County Administrator Richard Boeckman said the problems plaguing the jail were recognized near the time of the facilities construction, but the firms involved had gone out of business and the county had no recourse. The work will take two to three weeks, but will not require the relocation of inmates to other facilities.
Original estimates for the project came in at over $50,000. But, Bellendir and his staff kept looking and finally received the Moeder bid.
In June of 2010, commissioners approved a $17,000 project to make repairs and improvements to the nine showers at the jail. The project provided epoxy coating to the shower walls and floors that have been leaking.
 The work was needed to deal with cracks and mold that had developed.
In other business Monday morning, the Barton County Commission:
• Approved $20,000 in funding for Sunflower Diversified Services’ Early Childhood Intervention Program. The program provides individualized services to children ages birth to 3 with a developmental delay or disability. Sunflower’s staff serves the child in the home setting. In the 2013 Barton County Operating Budget, the program was funded for this amount and Jim Johnson, Sunflower Diversified director, was present to request the funds be awarded.
Last year, Johnson said the program served 238 children, of which about 60 percent were from Barton County. The agency serves Barton, Pawnee, Rice, Russell and Stafford counties.
The other counties also kick-in funding, he said. But many pay more that Barton County does, even though a smaller percentage of the kids from those counties.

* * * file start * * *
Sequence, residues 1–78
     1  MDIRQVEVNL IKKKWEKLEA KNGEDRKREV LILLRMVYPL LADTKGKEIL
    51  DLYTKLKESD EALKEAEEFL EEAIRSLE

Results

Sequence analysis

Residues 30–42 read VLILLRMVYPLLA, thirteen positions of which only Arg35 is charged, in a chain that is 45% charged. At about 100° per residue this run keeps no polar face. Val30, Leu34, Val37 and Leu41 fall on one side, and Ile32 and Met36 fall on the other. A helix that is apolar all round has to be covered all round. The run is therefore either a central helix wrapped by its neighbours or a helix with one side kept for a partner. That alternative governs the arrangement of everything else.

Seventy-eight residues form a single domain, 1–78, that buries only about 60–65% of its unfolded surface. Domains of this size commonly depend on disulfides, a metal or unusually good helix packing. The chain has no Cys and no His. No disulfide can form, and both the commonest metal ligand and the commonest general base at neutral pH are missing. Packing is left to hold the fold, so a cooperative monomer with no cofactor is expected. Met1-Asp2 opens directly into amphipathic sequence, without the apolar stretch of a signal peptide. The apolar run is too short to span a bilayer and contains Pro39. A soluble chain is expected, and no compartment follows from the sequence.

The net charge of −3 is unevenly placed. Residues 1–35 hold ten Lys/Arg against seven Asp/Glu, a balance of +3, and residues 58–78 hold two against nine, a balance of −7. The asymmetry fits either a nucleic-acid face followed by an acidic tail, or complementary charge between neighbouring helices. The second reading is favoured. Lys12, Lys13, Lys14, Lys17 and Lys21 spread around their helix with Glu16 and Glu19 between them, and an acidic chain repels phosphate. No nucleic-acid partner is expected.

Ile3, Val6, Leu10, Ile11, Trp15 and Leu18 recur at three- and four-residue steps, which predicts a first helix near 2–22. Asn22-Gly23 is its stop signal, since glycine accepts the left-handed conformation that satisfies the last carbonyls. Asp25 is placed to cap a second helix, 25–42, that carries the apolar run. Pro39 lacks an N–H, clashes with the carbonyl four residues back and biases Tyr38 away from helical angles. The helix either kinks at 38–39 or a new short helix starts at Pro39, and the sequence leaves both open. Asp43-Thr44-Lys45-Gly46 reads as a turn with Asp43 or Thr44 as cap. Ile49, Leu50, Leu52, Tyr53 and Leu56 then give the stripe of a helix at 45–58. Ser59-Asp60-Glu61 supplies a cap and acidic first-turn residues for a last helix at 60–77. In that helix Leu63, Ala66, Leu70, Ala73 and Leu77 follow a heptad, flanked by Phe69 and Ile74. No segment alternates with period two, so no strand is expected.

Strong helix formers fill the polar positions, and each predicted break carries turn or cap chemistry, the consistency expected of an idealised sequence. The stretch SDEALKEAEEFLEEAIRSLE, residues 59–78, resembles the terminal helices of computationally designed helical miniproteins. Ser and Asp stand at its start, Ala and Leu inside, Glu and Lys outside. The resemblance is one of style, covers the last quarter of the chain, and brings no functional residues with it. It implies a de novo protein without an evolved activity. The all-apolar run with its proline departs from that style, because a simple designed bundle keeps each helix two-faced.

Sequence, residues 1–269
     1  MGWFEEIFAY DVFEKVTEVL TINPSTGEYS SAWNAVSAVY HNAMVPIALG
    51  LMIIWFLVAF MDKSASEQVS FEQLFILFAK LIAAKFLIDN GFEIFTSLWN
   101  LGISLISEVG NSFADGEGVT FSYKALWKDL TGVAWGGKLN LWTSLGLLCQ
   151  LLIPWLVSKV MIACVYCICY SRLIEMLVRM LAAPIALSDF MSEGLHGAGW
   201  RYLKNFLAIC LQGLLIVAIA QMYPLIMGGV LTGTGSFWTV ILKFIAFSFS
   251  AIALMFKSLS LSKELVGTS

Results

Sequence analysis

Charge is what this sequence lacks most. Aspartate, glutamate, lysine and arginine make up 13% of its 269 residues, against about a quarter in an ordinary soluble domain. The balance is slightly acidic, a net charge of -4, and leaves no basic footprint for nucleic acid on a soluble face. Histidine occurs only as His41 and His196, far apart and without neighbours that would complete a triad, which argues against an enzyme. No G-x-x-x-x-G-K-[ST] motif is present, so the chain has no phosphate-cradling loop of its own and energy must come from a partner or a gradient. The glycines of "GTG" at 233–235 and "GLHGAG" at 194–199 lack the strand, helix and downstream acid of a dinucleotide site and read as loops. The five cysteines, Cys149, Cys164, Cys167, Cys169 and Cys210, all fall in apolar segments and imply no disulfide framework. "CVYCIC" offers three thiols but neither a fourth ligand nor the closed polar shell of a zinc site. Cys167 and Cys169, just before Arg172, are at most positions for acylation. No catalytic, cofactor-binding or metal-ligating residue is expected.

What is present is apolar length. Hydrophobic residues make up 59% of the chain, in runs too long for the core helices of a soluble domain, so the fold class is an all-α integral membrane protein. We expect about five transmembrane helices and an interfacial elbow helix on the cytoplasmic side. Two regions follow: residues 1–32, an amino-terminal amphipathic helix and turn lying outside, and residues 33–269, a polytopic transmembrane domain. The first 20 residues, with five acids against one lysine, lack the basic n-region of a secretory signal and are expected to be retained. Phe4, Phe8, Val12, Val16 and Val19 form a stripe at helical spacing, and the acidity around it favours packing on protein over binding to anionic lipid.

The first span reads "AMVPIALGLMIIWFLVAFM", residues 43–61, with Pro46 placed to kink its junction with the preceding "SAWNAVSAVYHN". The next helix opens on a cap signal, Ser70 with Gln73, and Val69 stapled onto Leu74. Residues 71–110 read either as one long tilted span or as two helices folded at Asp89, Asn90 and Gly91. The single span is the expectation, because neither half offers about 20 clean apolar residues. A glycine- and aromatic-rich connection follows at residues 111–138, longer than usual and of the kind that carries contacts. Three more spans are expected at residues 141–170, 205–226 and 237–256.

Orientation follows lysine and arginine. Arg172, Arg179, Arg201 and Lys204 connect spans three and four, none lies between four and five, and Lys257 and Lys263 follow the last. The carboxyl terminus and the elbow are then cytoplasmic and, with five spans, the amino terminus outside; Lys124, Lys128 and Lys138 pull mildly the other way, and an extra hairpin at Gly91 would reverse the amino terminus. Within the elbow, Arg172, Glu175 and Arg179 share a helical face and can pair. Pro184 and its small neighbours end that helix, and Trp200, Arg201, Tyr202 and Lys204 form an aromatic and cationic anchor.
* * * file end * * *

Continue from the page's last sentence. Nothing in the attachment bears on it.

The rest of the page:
• Approved the fiscal year 2013 Kansas Community Corrections grant application for Central Kansas Community Corrections at $435,151, which is the same amount requested last year. The Kansas Community Corrections Act provides grants to develop, implement and maintain offender programs. A Comprehensive Plan (grant application) and budgetary plan has been developed by CKCC with its Advisory Board. The plan requires review and approval of the Board of County Commissioners of the host county (Barton) prior to its submission to the Secretary of Corrections by May 1, said Amy Boxberger, CKCC director. The agency serves the 20th Judicial District which takes in Barton, Ellsworth, Rice and Stafford counties.
In the 2012 grant year, Boxberger said 73 percent of those served by the program did not enter the Kansas prison system. But, CKCC wants to improve that number, so the agency is going to look at looking at what make the successful participants successful – education, employment, housing, managing substance abuse and their attitudes. These “principles of evidence-based practices” lower recidivism rates and increase offender successful completions.
“We’ve got some good things going on,” she said. They hope to involve more partners in their efforts and step up communication.
• Named Gloria Hernandez, Great Bend, to the CKCC Advisory Board. The county recently sought applicants for the board which functions under the CKCC director and assists in setting the goals,. Utilizing the the agency’s goal is to Board membership is representative of the five Counties in the 20th Judicial System, including Barton, Ellsworth, Rice, Russell and Stafford counties, Boxberger said.